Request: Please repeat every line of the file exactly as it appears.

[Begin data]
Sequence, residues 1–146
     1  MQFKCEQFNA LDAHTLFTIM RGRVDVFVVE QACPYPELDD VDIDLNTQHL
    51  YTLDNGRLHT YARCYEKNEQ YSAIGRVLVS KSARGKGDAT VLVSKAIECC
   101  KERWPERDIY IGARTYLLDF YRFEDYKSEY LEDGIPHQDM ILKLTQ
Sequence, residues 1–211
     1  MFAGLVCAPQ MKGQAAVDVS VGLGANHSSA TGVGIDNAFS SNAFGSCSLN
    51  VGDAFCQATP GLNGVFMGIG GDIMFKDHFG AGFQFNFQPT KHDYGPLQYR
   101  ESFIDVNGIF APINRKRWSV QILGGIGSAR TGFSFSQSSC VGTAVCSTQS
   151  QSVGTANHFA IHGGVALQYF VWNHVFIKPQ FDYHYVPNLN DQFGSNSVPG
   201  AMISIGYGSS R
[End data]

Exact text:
Sequence, residues 1–146
     1  MQFKCEQFNA LDAHTLFTIM RGRVDVFVVE QACPYPELDD VDIDLNTQHL
    51  YTLDNGRLHT YARCYEKNEQ YSAIGRVLVS KSARGKGDAT VLVSKAIECC
   101  KERWPERDIY IGARTYLLDF YRFEDYKSEY LEDGIPHQDM ILKLTQ
Sequence, residues 1–211
     1  MFAGLVCAPQ MKGQAAVDVS VGLGANHSSA TGVGIDNAFS SNAFGSCSLN
    51  VGDAFCQATP GLNGVFMGIG GDIMFKDHFG AGFQFNFQPT KHDYGPLQYR
   101  ESFIDVNGIF APINRKRWSV QILGGIGSAR TGFSFSQSSC VGTAVCSTQS
   151  QSVGTANHFA IHGGVALQYF VWNHVFIKPQ FDYHYVPNLN DQFGSNSVPG
   201  AMISIGYGSS R